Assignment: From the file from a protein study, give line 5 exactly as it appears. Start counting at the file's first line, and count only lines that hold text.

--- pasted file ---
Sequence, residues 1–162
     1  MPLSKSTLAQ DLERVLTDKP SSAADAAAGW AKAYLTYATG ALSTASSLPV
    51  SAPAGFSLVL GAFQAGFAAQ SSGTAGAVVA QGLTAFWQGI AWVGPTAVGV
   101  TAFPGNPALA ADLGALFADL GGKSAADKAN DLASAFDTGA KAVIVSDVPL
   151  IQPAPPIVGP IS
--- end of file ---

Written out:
   151  IQPAPPIVGP IS